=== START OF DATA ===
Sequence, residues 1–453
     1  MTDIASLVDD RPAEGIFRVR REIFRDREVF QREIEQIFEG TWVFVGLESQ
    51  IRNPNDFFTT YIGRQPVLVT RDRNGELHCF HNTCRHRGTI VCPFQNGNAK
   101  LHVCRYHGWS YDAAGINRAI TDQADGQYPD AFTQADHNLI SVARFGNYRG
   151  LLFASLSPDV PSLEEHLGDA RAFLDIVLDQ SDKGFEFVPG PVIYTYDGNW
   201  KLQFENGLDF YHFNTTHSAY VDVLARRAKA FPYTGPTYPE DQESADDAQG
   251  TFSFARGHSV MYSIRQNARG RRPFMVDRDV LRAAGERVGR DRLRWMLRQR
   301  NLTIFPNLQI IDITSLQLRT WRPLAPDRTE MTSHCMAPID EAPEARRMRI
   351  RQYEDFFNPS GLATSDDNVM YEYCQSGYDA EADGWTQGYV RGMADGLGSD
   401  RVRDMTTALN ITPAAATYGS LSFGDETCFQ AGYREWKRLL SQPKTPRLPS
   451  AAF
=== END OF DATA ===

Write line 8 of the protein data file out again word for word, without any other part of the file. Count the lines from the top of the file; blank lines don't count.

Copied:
   301  NLTIFPNLQI IDITSLQLRT WRPLAPDRTE MTSHCMAPID EAPEARRMRI